After 18 years with The New York Times, iconic columnist Bob Herbert penned his final Saturday column. And in a fitting capstone to a career focus on inequality and America’s poor, Herbert’s last op-ed focused on the nation’s wealth disparity.
“Arthur Miller, echoing the poet Archibald MacLeish, liked to say that the essence of America was its promises. That was a long time ago… The U.S. has not just misplaced its priorities. When the most powerful country ever to inhabit the earth finds it so easy to plunge into the horror of warfare but almost impossible to find adequate work for its people or to properly educate its young, it has lost its way entirely.”
Call his analysis grim, but readers could not call Herbert’s writing uninformed. Throughout the years, the columnist often introduced as “The New York Times’ first African-American columnist” proved he was more than any label applied. From his commentary on the wrongful arrests in Tulia, Texas to his series of the recession’s effects in households across the country, Herbert provided an anchor of consistent writing that inspired a higher quality of debate.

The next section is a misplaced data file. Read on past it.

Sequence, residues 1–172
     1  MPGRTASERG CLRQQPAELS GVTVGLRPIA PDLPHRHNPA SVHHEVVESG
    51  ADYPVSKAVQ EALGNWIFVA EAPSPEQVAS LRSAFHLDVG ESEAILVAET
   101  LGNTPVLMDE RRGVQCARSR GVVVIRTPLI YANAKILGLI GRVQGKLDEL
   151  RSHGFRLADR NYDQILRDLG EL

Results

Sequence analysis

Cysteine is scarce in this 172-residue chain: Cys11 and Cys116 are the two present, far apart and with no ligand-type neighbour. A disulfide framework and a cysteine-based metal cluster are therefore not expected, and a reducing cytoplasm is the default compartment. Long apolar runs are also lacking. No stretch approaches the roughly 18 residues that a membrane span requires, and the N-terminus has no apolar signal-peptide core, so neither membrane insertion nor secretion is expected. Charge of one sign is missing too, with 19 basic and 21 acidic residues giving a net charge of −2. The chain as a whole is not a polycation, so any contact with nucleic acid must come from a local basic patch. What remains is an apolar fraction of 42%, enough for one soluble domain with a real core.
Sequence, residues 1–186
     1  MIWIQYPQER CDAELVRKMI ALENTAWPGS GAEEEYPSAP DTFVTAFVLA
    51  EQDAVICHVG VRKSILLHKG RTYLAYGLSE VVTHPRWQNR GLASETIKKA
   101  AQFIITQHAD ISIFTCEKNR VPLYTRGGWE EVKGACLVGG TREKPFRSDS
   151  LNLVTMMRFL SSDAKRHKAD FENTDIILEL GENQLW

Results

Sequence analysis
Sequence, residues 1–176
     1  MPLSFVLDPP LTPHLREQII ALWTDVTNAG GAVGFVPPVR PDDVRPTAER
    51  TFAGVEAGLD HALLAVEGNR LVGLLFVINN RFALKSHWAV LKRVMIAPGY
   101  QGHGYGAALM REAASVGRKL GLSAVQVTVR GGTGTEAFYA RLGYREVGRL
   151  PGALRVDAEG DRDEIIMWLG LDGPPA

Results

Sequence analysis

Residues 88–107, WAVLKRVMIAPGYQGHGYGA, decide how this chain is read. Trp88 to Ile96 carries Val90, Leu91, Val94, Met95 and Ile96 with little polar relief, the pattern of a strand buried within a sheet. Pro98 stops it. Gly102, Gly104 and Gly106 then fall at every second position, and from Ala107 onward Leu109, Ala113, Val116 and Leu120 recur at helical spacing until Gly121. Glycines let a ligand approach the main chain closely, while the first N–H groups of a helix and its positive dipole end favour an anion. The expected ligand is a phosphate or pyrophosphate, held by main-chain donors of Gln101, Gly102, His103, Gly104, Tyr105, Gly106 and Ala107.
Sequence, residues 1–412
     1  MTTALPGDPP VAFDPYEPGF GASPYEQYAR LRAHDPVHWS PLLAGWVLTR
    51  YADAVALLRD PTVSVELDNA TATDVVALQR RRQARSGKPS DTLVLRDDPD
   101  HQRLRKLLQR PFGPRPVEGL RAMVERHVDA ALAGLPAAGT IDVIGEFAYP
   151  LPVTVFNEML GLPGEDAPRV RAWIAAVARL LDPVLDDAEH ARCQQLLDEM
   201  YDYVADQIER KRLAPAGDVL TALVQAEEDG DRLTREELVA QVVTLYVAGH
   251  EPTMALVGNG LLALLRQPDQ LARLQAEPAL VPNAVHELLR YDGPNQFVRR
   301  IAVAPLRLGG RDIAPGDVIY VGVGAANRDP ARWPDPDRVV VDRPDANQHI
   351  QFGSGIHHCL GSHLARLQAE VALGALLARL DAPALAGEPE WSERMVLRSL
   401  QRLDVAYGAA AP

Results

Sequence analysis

New York Times editor Andrew Rosenthal said it was too soon to say who would succeed Herbert but praised his time with the paper saying:
He was often called “the conscience of The Times” and will take his place in the long, proud history of Times op-ed columnists.
Herbert says he was ready to move from the constraints of the 800 word structure that he had followed two times a week for over 25 years throughout his career. In a letter to Times’ staff Herbert, said of his future plans:
I am writing a book called “Wounded Colossus” about some of the great challenges facing the United States and will be part of a new, soon-to-be-announced effort to help bolster progressive journalism in the cause of a more generous and just America.
While we will miss seeing his space on the New York Times’ Opinion page, we’re excited to see what material an unconstrained Herbert has in store.